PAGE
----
The Pain of Neuropathy - Tri-State News, Weather & Sports

The Pain of Neuropathy

Reporter: Shannon Samson

Web Producer: Brad Maglinger

Because we all have different thresholds for pain, a condition known as neuropathy is often overlooked and undertreated. It's caused by damaged nerve endings and many diabetics have neuropathy. In the past, there have been few treatment options, but that's changing.

It would seem like a nightmare for most of us to live in constant, almost unbearable pain, but for Linda Pratt, it's a fact of life. Even simple tasks, like cleaning her house, pose serious health problems. "I can't stand for long periods of time and I can't walk without being able to support myself with something," Pratt says.

When Linda first felt the pain, she went to one doctor who told her it was probably just stress and let her go. That doesn't surprise Dr. Jerry Mendell who says, "We find that most patients are undertreated."

Dr. Mendell is helping to change that. He runs the Neuropathy Clinic at the Ohio State University Medical Center, one of only about ten such centers in the entire U.S. For the New England Journal of Medicine, Dr. Mendell has outlined several drugs that doctors could use to treat neuropathy patients, including some not so obvious choices.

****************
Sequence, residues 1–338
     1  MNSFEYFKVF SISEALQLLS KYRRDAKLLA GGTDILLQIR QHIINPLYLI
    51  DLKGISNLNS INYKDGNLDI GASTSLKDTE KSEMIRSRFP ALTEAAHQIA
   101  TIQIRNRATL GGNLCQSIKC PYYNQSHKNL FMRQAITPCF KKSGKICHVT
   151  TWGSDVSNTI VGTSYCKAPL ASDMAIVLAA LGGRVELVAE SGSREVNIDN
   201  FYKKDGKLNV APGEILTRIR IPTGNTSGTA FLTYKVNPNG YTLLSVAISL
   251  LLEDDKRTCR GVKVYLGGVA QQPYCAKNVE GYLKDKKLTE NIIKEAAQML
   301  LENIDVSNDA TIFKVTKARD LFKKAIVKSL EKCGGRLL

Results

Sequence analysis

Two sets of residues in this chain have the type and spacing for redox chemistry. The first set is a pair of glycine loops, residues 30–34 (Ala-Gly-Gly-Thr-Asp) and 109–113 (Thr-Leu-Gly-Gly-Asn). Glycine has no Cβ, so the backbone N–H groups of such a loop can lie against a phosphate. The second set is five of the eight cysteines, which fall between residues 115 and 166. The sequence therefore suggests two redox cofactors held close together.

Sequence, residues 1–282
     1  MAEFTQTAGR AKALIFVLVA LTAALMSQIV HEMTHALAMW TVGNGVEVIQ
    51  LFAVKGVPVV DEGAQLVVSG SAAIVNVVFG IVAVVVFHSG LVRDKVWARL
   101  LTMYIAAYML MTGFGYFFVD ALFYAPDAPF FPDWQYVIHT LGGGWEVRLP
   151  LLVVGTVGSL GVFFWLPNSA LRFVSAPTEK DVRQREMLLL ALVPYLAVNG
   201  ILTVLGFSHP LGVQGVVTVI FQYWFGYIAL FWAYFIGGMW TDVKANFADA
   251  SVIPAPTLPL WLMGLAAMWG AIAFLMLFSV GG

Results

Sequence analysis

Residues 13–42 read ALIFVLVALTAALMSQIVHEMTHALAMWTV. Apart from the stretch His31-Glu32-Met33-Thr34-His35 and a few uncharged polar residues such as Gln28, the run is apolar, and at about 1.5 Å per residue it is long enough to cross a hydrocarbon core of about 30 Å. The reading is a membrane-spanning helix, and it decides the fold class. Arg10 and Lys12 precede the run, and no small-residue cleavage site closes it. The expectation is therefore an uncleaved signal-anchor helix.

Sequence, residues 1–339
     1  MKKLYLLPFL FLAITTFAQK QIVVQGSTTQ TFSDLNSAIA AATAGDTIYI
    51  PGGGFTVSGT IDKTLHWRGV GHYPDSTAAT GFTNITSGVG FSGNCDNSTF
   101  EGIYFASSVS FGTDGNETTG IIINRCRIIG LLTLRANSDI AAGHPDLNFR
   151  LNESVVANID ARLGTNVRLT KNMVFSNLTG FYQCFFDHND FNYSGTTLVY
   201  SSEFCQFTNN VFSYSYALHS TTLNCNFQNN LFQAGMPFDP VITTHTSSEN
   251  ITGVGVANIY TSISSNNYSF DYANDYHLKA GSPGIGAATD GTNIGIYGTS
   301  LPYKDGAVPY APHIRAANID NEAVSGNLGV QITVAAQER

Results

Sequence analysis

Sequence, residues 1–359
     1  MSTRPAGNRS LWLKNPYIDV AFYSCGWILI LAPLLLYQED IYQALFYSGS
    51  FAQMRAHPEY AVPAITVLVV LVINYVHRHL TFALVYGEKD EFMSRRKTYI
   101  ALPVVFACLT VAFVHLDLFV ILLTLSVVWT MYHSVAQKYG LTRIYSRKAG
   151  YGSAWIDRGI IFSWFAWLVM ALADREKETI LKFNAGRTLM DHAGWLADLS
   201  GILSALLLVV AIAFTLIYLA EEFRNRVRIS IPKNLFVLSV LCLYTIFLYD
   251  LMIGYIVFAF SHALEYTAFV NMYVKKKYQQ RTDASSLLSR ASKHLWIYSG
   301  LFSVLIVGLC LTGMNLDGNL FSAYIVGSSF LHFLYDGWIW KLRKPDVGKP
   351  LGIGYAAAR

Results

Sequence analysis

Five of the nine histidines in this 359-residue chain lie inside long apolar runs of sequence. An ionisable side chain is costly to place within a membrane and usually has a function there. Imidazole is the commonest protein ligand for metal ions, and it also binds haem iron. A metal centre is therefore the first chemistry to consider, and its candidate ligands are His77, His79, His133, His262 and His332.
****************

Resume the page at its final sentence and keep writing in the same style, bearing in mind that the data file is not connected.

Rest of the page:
Dr. Mendell says seizure medication is a good place to start when trying to manage pain and certain antidepressants can also help. He also says that even though many doctors shy away from narcotics, they can be used safely and should be considered. The bottom line is no single pill will take care of all the pain.

Mendell explains, "The important thing is if you get any kind of effect you shouldn't abandon that drug, you should add another drug with a different mechanism of action."

Mendell insists that doctors should never overmedicate patients, but should keep in mind that it may take a variety of medicines to treat pain that is as unique as the individual patients.

Dr. Mendell says even the best combination of drugs can only reduce the pain by 30 to 50 percent. He says doctors and patients need to have realistic expectations when they begin treatment.

For more information, call The Ohio State University Medical Center, 1-800-293-5123 or go to www.osumedcenter.edu, click on "What's New-OSUMC in the News."

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